The 2021 Scary Story Contest was hosted by the Coquitlam and Port Moody public libraries.
15 – 18 age category winner
First Place: "Inevitable Outcome"
Adam Podoxin, 18, Coquitlam
I wake with a start – a nightly occurrence this past month. Today is October 22, 2203, but the disquieting memory of September 21 haunts all my nightmares. My wife’s hand in mine as we stroll on the bridge, showering in the night rain. But that stroll ended with tragedy. I lay in bed, devastated, trying to forget, hopelessly failing.
Restless, I put on my army-green coat and shoes and go outside. My breath puffs out smoke-like in the early spring dawn. Although it’s not raining, the air’s sharp coldness is reminiscent enough of the memory I try to suppress. I wander aimlessly, eventually stumbling onto the bridge in my confusion. Blinding fury erupts inside me as I recall the loathsome man, sending me back to that horrid moment. The monstrous man shoving my wife, her losing balance and toppling over the bridge railing… the rain pattering incessantly onto his dark green raincoat as he slouched away to avoid my gaze… and the paralyzing fear that struck me as the man climbed over and plunged down after my wife. I’ve had enough! My insomniac brain has been formulating a plan for the entire month, consuming me to no end.
As lead physicist, I have full clearance with my key card, so I encounter no problems getting into my lab. Not many people are in this early, but surprised after my month-long absence, they bombard me with greetings. I ignore them, hurtling towards our main project: the time machine. We’ve finished the construction but have not yet verified its safety; It’s going to be risky. I know that I’d get fired if I enter, but I lock the door anyway, seal myself inside, and pick the date and time.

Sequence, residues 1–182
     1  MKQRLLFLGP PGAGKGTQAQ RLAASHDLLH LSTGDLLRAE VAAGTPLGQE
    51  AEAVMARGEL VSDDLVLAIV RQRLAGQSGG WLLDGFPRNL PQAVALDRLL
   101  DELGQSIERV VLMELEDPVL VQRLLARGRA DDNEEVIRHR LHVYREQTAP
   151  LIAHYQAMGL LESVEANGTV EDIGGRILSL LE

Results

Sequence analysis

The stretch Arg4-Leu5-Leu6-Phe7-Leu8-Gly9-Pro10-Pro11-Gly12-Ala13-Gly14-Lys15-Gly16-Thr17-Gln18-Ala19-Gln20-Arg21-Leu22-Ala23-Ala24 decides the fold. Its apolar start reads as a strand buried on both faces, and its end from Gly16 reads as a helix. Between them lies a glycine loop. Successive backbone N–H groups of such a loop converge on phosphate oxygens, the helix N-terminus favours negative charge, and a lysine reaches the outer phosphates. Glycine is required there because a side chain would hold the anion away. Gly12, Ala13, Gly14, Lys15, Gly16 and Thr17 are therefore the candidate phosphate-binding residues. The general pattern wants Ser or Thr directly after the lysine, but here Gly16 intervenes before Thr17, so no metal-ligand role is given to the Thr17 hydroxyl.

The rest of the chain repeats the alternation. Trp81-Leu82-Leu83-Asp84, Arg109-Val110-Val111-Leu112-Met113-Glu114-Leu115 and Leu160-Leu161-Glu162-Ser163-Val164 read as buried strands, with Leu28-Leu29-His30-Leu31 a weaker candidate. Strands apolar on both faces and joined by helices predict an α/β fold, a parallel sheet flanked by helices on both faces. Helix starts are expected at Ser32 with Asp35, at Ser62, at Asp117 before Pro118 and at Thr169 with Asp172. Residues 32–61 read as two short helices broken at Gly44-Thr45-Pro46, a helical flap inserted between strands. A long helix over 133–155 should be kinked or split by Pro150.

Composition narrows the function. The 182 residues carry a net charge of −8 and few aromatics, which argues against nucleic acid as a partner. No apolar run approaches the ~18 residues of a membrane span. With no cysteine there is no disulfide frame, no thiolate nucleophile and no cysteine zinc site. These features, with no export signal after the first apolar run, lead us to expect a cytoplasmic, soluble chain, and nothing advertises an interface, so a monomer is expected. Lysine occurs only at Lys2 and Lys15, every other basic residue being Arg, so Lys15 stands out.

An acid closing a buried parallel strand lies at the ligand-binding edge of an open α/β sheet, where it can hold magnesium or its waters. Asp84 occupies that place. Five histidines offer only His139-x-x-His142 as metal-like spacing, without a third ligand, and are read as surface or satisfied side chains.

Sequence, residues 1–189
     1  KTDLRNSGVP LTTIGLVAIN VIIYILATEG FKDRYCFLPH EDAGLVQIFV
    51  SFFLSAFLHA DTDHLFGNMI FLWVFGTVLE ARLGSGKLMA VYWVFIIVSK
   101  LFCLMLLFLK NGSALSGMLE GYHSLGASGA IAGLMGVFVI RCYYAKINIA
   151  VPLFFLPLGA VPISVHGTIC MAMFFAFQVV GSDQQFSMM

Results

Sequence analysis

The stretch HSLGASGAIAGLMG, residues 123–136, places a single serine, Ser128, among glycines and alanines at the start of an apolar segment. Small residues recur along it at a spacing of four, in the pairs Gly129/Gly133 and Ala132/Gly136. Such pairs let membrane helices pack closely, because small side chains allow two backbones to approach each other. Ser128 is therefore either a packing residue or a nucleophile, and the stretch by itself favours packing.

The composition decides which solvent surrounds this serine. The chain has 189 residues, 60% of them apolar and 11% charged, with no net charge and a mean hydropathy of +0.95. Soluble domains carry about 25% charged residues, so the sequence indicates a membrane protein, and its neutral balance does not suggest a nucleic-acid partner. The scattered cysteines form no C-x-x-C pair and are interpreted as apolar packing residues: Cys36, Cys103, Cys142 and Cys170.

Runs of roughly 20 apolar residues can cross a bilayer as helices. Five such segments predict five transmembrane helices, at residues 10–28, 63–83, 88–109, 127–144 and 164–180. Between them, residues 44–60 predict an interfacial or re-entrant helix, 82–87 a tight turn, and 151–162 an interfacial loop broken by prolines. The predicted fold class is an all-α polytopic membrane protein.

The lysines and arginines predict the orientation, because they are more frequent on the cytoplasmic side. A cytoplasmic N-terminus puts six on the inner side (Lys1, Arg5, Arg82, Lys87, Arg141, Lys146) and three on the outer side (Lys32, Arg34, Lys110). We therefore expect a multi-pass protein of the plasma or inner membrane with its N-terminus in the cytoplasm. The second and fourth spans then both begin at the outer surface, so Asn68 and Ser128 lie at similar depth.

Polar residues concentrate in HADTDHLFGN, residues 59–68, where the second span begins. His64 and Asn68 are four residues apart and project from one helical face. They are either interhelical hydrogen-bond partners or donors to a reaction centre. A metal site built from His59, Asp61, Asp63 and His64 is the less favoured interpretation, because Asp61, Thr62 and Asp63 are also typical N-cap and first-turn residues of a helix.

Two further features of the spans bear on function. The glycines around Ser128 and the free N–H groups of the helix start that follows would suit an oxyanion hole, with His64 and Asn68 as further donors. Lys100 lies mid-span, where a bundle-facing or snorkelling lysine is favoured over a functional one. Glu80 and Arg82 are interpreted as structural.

After a brief sense of vertigo, I regain my balance. I cautiously exit the machine; no one is in the dark lab. I rush through the main door and look up at the city’s holographic clock: September 21, 2203, 11:37pm. It worked! I have five minutes to save my wife. The rain whips at my face as I sprint, trying to stop me. My mind, muddy after a month of sleepless torment, is now crystal clear: I must save her.
I breathlessly reach the bridge, and an uncanny chill runs through my spine: I see myself from behind, hand-in-hand with my wife, gazing into the dark, twinkling river below. The sight fills me with resolve. I sprint forward with stretched arms ready to rip my wife away from the perilous railing. I’m just about to reach her when my foot slips on the slick, rainy concrete. Time slows down. My hands touch her, but only momentarily. My weight pushes her over the railing. She plummets.
My vision tunnels, heart deafening my ears- I can feel my past self staring into the back of my dark green raincoat. Unable to cope with my looming realization, I join her in the river’s watery depths.